BANGOR – Sometimes when it sounds too good to be true it actually is, and you could be getting scammed.
Scammers pretending to be from Publishers Clearing House continue to trick people into sending them money, including one woman from Bangor.
“I said, ‘How much mom?’ And she said, ‘All of it,’” Nancy Howe, of Dedham, said Monday recalling an April conversation with her mother, Pauline Hopkins of Bangor.
“Since October she had been getting phone calls from people stating that she had won Publishers Clearing House and that in order for her to collect the money, she would have to send them money to cover the taxes,” Howe said. “They kept calling her … and getting her to send them money week after week after week. Sometimes three checks in a week. It ended up totaling $160,000 that she lost.”
Hopkins is one of many people who have fallen victim to scammers.
“They are very smooth-talking people,” she said Monday, sitting in her living room. “They lead you to believe what they’re telling you. They’re telling you that you’re going to receive a huge amount of money. All you have to do is pay taxes. All you have to do is pay a certain amount of money and you’ll get it all back. But it’s all a lie. You’ll get nothing back. Not a penny.”
She added, “They’re good at it. They seem to know how to pull the strings, how to talk to you, what to tell you, what to promise you.”
The scammers take aim at senior citizens who often live alone and are lonely, her daughter said.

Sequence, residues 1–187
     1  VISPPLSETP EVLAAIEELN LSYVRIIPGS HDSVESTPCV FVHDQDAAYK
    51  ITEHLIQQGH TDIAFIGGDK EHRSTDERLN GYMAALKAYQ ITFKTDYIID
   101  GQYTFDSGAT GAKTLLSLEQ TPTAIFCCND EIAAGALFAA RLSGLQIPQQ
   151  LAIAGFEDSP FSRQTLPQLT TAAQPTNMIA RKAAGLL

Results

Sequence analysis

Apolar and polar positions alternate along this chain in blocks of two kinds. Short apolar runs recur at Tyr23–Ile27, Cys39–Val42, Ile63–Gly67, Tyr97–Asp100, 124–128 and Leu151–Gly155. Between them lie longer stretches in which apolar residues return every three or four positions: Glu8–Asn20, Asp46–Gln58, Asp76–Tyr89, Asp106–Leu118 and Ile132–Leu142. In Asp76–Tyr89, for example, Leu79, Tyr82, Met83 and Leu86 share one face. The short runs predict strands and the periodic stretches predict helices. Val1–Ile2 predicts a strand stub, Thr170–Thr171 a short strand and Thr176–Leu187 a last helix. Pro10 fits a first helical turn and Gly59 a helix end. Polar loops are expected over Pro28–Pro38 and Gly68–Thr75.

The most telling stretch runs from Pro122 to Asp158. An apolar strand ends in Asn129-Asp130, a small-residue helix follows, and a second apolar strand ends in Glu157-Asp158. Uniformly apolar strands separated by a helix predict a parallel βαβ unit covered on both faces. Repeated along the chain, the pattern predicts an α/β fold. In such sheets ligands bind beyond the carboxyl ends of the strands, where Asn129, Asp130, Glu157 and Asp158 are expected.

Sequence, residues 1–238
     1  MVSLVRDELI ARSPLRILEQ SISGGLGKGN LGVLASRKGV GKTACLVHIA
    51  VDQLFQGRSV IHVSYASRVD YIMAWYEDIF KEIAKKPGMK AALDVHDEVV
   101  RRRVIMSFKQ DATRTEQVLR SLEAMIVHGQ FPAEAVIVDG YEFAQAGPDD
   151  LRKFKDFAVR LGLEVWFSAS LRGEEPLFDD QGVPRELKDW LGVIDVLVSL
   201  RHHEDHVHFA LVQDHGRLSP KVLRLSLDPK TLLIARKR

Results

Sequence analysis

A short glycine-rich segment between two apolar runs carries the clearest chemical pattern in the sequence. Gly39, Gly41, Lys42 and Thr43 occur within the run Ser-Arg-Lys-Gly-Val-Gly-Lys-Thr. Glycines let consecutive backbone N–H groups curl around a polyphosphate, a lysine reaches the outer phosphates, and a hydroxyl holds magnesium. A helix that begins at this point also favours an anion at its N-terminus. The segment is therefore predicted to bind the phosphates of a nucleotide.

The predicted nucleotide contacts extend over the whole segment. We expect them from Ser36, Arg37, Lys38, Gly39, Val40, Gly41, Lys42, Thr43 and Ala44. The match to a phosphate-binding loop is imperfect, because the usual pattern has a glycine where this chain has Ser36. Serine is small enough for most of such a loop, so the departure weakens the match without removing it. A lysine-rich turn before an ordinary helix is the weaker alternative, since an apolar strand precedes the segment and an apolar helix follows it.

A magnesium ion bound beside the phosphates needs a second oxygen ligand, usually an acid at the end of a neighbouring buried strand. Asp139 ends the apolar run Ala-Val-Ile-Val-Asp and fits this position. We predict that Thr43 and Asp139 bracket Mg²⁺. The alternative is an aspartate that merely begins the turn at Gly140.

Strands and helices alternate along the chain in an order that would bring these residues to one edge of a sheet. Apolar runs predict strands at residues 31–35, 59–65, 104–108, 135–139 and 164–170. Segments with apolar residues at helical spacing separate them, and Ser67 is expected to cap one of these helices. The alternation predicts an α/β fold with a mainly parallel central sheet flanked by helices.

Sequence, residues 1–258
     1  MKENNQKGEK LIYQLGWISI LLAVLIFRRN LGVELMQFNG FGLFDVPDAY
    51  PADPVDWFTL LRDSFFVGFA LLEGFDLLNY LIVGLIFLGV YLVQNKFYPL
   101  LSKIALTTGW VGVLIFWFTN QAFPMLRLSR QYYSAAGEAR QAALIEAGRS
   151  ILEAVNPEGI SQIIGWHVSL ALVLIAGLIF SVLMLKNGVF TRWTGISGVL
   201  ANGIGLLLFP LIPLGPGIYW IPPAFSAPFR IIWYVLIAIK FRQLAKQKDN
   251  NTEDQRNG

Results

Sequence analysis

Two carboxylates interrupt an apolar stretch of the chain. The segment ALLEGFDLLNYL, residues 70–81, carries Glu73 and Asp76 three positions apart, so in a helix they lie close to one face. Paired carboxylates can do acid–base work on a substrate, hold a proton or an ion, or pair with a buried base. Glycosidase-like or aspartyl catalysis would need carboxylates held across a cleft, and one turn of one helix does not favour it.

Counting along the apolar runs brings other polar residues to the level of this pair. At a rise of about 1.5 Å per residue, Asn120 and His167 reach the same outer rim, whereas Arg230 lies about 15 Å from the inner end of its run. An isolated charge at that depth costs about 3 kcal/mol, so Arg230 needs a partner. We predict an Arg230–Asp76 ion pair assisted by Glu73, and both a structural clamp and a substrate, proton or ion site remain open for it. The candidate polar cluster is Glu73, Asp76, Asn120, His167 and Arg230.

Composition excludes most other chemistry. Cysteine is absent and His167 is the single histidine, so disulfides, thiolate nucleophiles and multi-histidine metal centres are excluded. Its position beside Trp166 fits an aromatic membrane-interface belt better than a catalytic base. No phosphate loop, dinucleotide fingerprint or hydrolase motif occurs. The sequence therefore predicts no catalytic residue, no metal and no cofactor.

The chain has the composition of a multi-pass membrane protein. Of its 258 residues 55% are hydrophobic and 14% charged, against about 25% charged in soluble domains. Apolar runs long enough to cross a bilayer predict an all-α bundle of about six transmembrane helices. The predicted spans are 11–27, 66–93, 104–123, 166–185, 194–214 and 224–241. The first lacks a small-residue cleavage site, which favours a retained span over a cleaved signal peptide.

“These sorts of crimes involving our elderly, these financial crimes, we’re seeing more and more and we think we’re just touching the tip of the iceberg because the shame of this, once it comes out, really prevents people from confiding in family or friends,” said District Attorney Marianne Lynch, who is a neighbor of Hopkins.
Lynch and Howe said educating older residents and financial institutions to be on the lookout for scammers is a key to prevention.
“It’s an important issue that we need to discuss with our banks so they become aware of this,” Lynch said. “Very similar to sometimes we’ll train hairdressers on how to look for signs of abuse. It’s really important that our banks … when they start to see this behavior that is out of the ordinary, that they have some means so they can safely confront somebody.”
And as folks age, people in their lives need to help them become aware of this issue.
“And just to be clear: This could happen to anybody,” Lynch said. “The people who are running these schemes are very skilled. They knew they were talking to a woman who just was lonely … and it made her particularly vulnerable to a crime like this.”
Howe added, “I just would never have thought my mom would fall for a scam like this because she was the mom that would clip coupons every week and so frugal with money.”
“She lives alone, she’s making her own meals, she’s making her own appointments, she’s paying all her bills,” Hopkins daughter said. “On the outside, everything looked great. Had no idea this was going on.”
Christopher Irving, vice president of consumer & legal affairs for Publishers Clearing House said Monday the company has an entire website designed to educate residents so they don’t get taken.
A video has been posted with three helpful hints that would prevent a majority of the scams associated with Publishers Clearing House.
“No. 1: We never notify winners with a phone call,” Danielle Lam, a member of the Publisher’s Clearing House prize patrol says in the educational video. “No. 2: We don’t send friend requests or private messages to winners on Facebook, and No. 3, most importantly, you never have to pay anything to claim your PCH prize.”
Those who feel they have been scammed, should contact their bank first and then their local police department.
Howe and Hopkins have done just that, and also have sent the information to Sen. Susan Collins’ office. The senior senator from Maine has an event scheduled for next month to educate Mainers about scams happening in the state.